Traps with Some Home and Contents Policies – Trap #1: Faulty Workmanship

It is of great concern to me that Insureds believe that all general insurance policies are the same because, as a result of this belief, clients purchase insurance on price, which is the worst thing they can do when it comes to insurance.

My experience in handling claims has shown me time and time again that what matters is the coverage of the policy, the financial strength rating of the insurer and the claims service. Price, when a claim occurs, is irrelevant.

If you buy products based on price, the most you lose if it is a dud is the cost of the item.  But with general insurance, which is intended top provide insurance protection for your home or business, you may lose not just  your premium but your asset as well.

Over the next three posts I will explain three situations in which good people have been caught by policy exclusions which never appear in what I regard as good quality covers.

I am assisting our South Australian office that is presently involved in a case in which an Insurer contends that the fire at the home of the Insured which caused $1.5 million damage, was caused by the incorrect installation of a chimney flue.  Under most policies in Australia and around the world, as long as the Insured was unaware of the fault or problem, the loss is covered by the policy.  In this policy however, the following exclusion applies:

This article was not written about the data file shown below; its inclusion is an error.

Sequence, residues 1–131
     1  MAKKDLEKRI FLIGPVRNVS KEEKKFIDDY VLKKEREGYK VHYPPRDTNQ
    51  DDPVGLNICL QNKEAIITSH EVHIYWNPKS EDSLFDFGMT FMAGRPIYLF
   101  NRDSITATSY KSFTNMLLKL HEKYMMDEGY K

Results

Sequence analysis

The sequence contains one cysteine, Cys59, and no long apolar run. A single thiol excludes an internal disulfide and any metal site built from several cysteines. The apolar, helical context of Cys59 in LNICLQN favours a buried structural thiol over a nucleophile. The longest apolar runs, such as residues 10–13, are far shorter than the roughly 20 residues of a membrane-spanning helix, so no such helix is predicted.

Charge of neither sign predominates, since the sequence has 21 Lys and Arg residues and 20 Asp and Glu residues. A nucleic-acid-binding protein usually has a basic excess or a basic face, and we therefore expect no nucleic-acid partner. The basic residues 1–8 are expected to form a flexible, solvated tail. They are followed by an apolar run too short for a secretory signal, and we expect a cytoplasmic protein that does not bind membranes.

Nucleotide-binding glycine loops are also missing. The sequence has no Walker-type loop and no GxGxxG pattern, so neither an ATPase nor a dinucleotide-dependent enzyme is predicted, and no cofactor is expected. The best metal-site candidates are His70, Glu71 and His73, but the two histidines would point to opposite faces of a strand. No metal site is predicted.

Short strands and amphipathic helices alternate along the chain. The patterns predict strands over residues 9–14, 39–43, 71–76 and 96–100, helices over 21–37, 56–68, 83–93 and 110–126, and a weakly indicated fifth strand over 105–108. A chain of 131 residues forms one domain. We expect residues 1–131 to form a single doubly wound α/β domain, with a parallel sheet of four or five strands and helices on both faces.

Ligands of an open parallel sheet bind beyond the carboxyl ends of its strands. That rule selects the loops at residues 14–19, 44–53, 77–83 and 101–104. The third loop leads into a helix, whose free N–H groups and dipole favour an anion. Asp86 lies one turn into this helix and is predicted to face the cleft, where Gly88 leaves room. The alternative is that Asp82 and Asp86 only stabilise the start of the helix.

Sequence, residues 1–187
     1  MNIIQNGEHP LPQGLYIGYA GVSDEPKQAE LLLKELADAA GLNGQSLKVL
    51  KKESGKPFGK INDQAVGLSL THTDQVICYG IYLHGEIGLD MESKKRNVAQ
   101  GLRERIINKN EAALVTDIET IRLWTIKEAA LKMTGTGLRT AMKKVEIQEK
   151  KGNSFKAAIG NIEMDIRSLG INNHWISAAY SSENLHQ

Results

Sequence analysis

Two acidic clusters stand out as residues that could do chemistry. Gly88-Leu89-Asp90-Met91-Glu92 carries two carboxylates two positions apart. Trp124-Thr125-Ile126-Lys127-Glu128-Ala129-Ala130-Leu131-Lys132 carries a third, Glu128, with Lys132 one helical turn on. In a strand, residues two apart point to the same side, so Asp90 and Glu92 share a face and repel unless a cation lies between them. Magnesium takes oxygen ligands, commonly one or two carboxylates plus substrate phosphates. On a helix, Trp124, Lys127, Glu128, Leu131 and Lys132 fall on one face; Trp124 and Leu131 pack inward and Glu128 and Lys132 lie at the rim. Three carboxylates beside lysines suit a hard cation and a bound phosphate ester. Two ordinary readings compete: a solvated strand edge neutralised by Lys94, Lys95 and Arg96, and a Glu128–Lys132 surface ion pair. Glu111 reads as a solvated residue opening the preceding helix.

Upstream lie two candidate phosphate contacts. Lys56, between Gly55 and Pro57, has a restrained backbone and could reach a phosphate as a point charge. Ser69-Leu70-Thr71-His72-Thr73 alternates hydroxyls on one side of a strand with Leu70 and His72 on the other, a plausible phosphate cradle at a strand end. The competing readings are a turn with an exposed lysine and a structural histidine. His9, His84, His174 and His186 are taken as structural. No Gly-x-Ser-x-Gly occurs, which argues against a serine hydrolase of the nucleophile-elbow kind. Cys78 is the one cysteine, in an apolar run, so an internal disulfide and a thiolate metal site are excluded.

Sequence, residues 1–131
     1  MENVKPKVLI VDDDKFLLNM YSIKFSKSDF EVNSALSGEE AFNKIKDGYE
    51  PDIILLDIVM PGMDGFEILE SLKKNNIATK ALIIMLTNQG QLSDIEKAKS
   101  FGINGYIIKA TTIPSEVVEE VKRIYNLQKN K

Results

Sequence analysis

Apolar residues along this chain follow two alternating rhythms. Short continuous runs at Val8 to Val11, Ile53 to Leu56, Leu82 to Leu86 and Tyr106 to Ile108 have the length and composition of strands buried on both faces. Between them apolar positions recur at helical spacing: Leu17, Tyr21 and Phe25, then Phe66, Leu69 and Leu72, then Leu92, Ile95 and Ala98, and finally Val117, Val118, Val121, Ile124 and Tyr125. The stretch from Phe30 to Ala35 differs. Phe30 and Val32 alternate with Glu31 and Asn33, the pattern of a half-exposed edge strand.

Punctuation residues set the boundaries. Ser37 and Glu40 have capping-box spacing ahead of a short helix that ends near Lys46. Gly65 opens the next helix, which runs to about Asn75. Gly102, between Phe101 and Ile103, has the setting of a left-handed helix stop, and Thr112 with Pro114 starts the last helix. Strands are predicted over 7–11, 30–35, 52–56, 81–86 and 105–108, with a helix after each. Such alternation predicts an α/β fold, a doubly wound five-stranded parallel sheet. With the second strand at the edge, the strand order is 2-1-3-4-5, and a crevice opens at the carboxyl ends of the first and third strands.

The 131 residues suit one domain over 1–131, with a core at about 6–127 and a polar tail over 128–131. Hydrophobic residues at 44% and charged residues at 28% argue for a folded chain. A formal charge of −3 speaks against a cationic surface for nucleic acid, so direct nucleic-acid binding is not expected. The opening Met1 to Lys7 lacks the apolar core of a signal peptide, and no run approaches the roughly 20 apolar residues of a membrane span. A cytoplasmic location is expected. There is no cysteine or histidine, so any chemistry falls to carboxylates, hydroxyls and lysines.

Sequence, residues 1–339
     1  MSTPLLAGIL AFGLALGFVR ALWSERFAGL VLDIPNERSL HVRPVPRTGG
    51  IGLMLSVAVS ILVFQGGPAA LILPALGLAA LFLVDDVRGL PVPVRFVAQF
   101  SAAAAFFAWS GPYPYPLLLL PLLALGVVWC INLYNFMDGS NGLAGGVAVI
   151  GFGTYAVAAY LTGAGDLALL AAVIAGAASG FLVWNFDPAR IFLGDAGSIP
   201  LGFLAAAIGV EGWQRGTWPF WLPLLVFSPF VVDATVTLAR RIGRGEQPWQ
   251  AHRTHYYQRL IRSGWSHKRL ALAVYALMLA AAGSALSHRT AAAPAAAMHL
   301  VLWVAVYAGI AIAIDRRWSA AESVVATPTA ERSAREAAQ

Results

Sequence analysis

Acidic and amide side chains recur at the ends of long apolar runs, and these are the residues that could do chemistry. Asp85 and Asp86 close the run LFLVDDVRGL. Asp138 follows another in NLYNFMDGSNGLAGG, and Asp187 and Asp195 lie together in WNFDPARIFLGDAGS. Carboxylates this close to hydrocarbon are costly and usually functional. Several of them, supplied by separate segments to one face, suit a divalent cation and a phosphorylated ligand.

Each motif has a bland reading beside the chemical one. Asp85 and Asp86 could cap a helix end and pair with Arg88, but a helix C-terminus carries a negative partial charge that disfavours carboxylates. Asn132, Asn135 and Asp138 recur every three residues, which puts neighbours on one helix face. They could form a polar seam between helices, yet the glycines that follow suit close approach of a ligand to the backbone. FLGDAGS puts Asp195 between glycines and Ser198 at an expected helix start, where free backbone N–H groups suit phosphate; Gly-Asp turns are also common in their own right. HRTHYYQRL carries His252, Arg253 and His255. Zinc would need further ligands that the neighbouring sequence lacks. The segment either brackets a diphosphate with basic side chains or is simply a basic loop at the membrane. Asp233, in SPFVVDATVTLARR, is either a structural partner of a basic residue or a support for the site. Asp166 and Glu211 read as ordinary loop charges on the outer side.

The opening words of the exclusion against which I have placed the number 1 reads: You are not covered under this policy for damage, loss or liability caused by, arising from or involving any of the following.” The use of such words creates a much wider exclusion than does the test for proximate cause. The words mean that, even if the excluded perils are the remote cause of the loss, there is no cover afforded by the Policy.

The second policy exclusion which is relevant is contained in the second box which I have marked with the number 2. It is a very harsh exclusion which excludes cover which has been provided under most policies for over 30 years.  As such, I believe that more ought be done to bring such an exclusion to the attention of the Insured and not buried near the back of a huge booklet.

In this case, the Insured assures our South Australian manager, Mr Erik Kroon that it was not price that influenced them but the fact that the insurer advertised that they were there to assist seniors. No matter what the advertising says, it is still important to know the coverage actually afforded as well as the conditions and exclusions that apply. If you are in doubt an insurance broker is the answer.


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